Farr-Jones reveals his great Lions regret
World Cup-winning captain Nick Farr-Jones has ranked the pain of never winning a series against the British and Irish Lions as probably the biggest regret of his celebrated career and urged the Wallabies to seize the moment in Saturday’s first Test in Brisbane.
Farr-Jones says even almost a quarter of a century after leading Australia to a 2-1 series loss to the Lions he still has sleepless nights about missing his once-in-a-lifetime opportunity to conquer the best of the British and Irish.
“The further you get away from it, particularly when you’ve got a big tour going on at the moment and it becomes topical, yeah, it shits me,” Farr-Jones told AAP.
Farr-Jones AM achieved just about every major honour in rugby.
He helped the Wallabies complete the fabled grand slam tour in 1984 with victories over England, Ireland, Scotland and Wales, also featured in triumphant Bledisloe Cup series against New Zealand and crowned his career by hoisting the Webb Ellis Cup next to the Queen at Twickenham in 1991.
But the champion halfback still tosses and turns about the 1989 series defeat against the Lions.
“At the time, yeah you regretted losing to the Lions. As I speak 20 years into retirement, since my last game, the cracks in the ceiling are getting wider at 2am in the morning,” he said.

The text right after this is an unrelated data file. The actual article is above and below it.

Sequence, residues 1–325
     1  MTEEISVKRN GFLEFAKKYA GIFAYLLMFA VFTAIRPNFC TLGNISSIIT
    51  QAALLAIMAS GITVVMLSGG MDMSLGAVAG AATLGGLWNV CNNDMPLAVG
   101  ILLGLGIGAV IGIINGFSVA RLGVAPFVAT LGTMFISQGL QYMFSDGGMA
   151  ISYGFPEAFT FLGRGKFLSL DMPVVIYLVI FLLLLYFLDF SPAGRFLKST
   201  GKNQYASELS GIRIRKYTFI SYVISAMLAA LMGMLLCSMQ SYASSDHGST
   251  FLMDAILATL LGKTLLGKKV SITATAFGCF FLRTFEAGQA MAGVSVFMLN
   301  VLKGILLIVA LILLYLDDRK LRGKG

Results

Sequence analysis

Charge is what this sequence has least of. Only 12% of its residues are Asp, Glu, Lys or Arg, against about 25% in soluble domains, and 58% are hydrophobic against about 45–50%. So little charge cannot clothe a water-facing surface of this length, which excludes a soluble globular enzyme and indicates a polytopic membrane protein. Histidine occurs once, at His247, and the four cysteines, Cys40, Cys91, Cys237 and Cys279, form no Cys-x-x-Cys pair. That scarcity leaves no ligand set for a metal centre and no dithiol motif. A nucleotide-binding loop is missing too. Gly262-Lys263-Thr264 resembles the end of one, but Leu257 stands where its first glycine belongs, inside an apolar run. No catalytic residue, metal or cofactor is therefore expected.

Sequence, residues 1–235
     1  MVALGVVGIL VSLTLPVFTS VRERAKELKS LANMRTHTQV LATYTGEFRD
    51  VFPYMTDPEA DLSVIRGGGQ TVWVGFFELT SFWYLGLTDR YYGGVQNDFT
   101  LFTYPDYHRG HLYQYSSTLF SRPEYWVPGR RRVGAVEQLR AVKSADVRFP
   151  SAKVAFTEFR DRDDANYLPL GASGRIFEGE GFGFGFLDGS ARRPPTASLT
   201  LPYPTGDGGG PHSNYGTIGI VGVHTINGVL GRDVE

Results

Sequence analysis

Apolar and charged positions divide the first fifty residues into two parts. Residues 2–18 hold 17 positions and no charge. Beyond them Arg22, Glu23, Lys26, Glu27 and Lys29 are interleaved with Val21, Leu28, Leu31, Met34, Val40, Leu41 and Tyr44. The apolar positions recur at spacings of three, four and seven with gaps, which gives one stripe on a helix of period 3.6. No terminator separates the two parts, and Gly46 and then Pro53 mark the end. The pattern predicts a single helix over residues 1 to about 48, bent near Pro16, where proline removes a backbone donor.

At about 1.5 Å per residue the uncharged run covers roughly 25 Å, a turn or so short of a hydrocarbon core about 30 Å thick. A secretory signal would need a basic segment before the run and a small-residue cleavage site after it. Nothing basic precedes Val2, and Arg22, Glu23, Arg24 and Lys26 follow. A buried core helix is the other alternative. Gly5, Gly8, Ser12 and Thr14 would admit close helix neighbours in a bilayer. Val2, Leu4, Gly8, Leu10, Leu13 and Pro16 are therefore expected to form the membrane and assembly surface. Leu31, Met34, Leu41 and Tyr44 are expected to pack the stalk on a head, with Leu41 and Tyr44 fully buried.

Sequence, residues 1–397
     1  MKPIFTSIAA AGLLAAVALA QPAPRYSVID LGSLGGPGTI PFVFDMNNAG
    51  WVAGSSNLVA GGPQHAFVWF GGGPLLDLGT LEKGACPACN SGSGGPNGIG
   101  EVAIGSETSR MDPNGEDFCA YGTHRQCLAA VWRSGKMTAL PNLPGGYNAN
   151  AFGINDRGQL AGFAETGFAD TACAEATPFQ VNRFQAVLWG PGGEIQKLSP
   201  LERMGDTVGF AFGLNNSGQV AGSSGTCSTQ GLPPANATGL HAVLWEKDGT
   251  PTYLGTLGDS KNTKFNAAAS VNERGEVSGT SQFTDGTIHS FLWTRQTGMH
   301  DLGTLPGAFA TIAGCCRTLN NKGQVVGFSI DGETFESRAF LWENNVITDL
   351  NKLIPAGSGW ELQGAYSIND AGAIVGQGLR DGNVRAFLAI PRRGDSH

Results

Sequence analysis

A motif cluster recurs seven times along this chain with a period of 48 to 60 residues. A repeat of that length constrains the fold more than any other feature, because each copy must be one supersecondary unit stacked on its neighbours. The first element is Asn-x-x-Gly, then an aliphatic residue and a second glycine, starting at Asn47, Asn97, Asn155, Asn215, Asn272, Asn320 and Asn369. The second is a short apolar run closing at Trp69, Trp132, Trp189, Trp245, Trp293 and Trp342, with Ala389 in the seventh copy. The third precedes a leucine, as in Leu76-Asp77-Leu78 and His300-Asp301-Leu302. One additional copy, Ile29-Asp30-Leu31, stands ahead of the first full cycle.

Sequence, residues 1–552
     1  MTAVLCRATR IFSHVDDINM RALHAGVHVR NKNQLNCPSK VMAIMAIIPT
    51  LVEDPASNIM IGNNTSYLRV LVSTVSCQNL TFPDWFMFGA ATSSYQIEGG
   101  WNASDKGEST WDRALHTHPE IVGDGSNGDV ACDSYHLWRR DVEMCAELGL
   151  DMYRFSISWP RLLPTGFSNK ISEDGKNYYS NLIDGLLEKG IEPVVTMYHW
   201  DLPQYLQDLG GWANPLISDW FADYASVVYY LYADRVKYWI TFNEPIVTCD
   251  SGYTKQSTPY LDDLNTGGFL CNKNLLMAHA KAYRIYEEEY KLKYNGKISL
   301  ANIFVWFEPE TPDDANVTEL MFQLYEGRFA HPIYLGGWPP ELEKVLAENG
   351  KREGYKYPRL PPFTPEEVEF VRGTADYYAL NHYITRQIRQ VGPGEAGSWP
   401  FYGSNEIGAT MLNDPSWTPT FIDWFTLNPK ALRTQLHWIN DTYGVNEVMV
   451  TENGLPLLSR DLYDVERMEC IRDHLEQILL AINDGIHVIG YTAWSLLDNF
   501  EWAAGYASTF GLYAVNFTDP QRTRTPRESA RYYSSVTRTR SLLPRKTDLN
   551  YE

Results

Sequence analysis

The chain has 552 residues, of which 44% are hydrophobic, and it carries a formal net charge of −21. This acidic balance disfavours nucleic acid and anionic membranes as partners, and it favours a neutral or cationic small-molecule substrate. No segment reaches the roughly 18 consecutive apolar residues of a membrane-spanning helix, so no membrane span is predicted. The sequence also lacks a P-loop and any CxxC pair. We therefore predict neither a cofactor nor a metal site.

“You wake up and you really regret it because, as came to pass in World Cups, we got a second roll of the dice.
“I was a part of `87, the inaugural one and part of the disappointment of losing to the French (in the semi-finals).
“But at least I got another roll of the dice and we were lucky enough to win a World Cup.
“But when the Lions come down, you get one roll of the dice. And if I’ve got any damn regrets about the game looking back, it’s that we didn’t beat the bastards.”
Farr-Jones said the only other career disappointments that come close to losing to the Lions was not winning a first grade premiership in 14 seasons with Sydney University and seeing his great friend and teammate Tim Gavin miss the `91 World Cup through injury.
But it was the manner in which the Wallabies succumbed to the Lions in the pivotal and brutal second Test in Brisbane – known as the Battle of Ballymore – that gives Farr-Jones nightmares.
Farr-Jones was halfback and captain of Australia and the Lions hatched a plan for their forwards to monster him into submission.
“And it worked a treat,” he admitted 24 years later.
With the Wallabies having crushed the tourists 30-12 in the first Test, Farr-Jones said cheekily winking and blowing a kiss at Lions hooker Brian Moore early on in Brisbane was a big mistake.
“He proceeded to rip me apart after that and all the other forwards ripped into me,” he said.
Farr-Jones said as his game imploded at Ballymore, his teammates unravelled around him and he urged the Wallabies’ 2013 pack not to let the Lions forwards do a similar job on Australia’s influential No.9 Will Genia on Saturday.
“We should have knocked over the Lions,” Farr-Jones said.
“I’ve got no problem with the tactics that they turned on, particularly in that second Test. My only problem is that we didn’t match them toe-to-toe.
“So we’ve got to be combative up front and be very physical and we’ve got to try and give our backs that time and space.
“Genia is crucial.”© AAP 2014